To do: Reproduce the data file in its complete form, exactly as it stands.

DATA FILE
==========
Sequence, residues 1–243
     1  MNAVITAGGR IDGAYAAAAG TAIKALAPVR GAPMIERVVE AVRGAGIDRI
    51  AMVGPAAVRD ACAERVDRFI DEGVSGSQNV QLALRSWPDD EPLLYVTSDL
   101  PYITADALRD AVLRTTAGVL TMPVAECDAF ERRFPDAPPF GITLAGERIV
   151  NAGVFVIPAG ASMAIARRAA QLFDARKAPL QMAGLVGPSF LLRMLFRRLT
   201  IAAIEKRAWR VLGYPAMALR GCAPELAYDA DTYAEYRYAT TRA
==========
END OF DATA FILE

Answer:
Sequence, residues 1–243
     1  MNAVITAGGR IDGAYAAAAG TAIKALAPVR GAPMIERVVE AVRGAGIDRI
    51  AMVGPAAVRD ACAERVDRFI DEGVSGSQNV QLALRSWPDD EPLLYVTSDL
   101  PYITADALRD AVLRTTAGVL TMPVAECDAF ERRFPDAPPF GITLAGERIV
   151  NAGVFVIPAG ASMAIARRAA QLFDARKAPL QMAGLVGPSF LLRMLFRRLT
   201  IAAIEKRAWR VLGYPAMALR GCAPELAYDA DTYAEYRYAT TRA